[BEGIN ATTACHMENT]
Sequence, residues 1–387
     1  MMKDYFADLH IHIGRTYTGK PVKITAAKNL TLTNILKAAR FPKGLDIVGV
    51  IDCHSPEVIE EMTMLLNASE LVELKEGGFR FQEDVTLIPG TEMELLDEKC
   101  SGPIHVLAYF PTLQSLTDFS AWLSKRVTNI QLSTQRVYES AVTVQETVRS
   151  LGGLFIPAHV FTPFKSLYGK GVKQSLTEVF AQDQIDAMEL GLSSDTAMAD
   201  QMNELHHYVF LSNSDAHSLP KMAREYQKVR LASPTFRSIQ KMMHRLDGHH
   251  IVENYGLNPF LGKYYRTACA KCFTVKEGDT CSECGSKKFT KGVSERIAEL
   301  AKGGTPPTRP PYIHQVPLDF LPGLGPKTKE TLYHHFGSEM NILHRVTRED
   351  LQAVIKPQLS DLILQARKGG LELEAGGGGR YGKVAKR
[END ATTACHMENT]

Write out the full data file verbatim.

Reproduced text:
Sequence, residues 1–387
     1  MMKDYFADLH IHIGRTYTGK PVKITAAKNL TLTNILKAAR FPKGLDIVGV
    51  IDCHSPEVIE EMTMLLNASE LVELKEGGFR FQEDVTLIPG TEMELLDEKC
   101  SGPIHVLAYF PTLQSLTDFS AWLSKRVTNI QLSTQRVYES AVTVQETVRS
   151  LGGLFIPAHV FTPFKSLYGK GVKQSLTEVF AQDQIDAMEL GLSSDTAMAD
   201  QMNELHHYVF LSNSDAHSLP KMAREYQKVR LASPTFRSIQ KMMHRLDGHH
   251  IVENYGLNPF LGKYYRTACA KCFTVKEGDT CSECGSKKFT KGVSERIAEL
   301  AKGGTPPTRP PYIHQVPLDF LPGLGPKTKE TLYHHFGSEM NILHRVTRED
   351  LQAVIKPQLS DLILQARKGG LELEAGGGGR YGKVAKR